From ShelfLife, No. 84 (12 December 2002) ISSN 1538-4284

LibraryLookup

This has been reported elsewhere, but is too slick not to mention again. Users of Innovative systems can have a bookmarklet on their tool bar to search their local system. Have this available for your patrons.
Let's say you're on a book-related site (Amazon, BN, isbn.nu, All Consuming, possibly others), and a book's info page is your current page. (Specifically: its URL contains an ISBN.) You can click your bookmarklet to check if the book is available in your local library. The bookmarklet will invoke your library's instance of the Innovative service, feed it the ISBN, and pop up a new window with the result.
Thank you Jon Udell for a useful tool.

Wednesday, December 11, 2002

Digitizing Audio

A bibliography on digitizing analog audio resources. Haven't had time to read any of the references yet. The 1st one is supposed to be a good introduction.

Tuesday, December 10, 2002

Digital Library

The NSDL (National Science Digital Library) is looking for collections of materials in the broad science, technology, engineering, and mathematics area ( K through grey) that are willing to share metadata about their resources or content for search and discovery services. I am serving as Director of Collection Development of the NSDL. Please let me know if you have or know of any such collections. For more about the NSDL see below.

"The National Science Foundation (NSF), through its Division of Undergraduate Education, is funding the development of the National Science Digital Library (NSDL) over the next 5 years. A limited public release of the NSDL was launched on December 3, 2002. NSF expects the NSDL to become, over-time, the world's largest digital library of STEM (science, technology, engineering and mathematics) information resources and services as well as an online network of learning environments and resources for science, technology, engineering, and mathematics education at all levels.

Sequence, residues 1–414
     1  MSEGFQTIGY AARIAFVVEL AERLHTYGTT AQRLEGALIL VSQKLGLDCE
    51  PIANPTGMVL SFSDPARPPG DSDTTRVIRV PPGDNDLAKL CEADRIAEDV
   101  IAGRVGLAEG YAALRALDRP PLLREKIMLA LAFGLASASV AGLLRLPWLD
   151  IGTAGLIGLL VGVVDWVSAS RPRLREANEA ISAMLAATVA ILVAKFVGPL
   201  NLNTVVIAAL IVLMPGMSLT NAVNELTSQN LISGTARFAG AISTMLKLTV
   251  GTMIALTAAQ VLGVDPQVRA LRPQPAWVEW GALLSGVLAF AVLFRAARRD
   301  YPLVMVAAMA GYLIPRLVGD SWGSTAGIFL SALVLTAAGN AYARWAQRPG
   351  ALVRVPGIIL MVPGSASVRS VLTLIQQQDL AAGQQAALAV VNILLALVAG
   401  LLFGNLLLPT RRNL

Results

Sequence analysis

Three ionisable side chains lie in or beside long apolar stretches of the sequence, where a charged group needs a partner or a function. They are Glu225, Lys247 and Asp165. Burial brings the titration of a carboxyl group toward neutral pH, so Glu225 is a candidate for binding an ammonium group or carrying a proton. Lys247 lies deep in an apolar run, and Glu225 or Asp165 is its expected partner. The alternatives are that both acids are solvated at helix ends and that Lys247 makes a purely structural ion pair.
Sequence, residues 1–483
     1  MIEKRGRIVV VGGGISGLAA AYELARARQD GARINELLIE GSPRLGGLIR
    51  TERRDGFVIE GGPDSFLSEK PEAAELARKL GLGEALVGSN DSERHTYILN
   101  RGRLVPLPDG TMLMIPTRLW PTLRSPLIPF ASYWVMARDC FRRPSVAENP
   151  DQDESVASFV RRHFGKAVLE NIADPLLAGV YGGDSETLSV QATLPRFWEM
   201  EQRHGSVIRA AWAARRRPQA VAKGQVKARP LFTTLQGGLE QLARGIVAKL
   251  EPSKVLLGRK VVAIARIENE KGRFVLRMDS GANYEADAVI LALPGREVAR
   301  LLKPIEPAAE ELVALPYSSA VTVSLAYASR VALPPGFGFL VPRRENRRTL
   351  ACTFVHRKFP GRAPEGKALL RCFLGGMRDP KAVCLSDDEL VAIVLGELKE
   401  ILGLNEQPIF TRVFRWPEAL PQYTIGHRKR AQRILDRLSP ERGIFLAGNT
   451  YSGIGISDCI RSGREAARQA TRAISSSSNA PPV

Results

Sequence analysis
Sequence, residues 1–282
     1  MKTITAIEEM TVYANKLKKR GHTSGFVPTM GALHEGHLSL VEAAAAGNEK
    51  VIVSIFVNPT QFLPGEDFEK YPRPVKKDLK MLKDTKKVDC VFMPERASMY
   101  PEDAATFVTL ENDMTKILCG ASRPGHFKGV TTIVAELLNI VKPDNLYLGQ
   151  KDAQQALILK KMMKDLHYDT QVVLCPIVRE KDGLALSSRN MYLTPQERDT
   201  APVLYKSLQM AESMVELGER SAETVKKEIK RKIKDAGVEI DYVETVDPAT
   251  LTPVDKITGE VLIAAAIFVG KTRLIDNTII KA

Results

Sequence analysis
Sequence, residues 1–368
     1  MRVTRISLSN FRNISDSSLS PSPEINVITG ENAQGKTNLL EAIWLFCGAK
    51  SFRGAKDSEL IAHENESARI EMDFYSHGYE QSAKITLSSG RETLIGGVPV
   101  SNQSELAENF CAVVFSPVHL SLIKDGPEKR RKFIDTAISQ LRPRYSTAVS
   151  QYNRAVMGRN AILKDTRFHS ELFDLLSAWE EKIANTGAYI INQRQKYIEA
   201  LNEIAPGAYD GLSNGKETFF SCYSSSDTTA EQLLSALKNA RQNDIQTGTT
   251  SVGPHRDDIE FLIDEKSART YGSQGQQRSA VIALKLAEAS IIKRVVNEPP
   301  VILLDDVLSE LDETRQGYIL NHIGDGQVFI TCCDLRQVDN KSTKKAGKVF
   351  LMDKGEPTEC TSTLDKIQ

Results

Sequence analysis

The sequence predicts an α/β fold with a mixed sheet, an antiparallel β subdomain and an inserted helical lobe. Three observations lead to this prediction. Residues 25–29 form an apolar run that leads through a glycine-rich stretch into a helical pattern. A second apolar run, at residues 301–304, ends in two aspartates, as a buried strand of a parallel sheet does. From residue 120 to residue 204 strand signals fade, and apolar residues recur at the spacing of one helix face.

Many of the resources that populate the NSDL collection will come from projects funded under the NSDL program and related NSF digital library initiatives. However, the goal is to include access to as many relevant STEM resources as possible, including both open access and proprietary materials.

The Core Integration (CI) team of the NSDL is distributed among a group of collaborating institutions (University Corporation for Atmospheric Research (UCAR), Cornell University, Columbia University, the San Diego Supercomputer Center, the University of California at Santa Barbara, and the University of Massachusetts at Amherst) and is aimed at the development, deployment, and support of both the technical and organizational infrastructure of the NSDL. The Cornell team is lead by a group of computer scientists and librarians.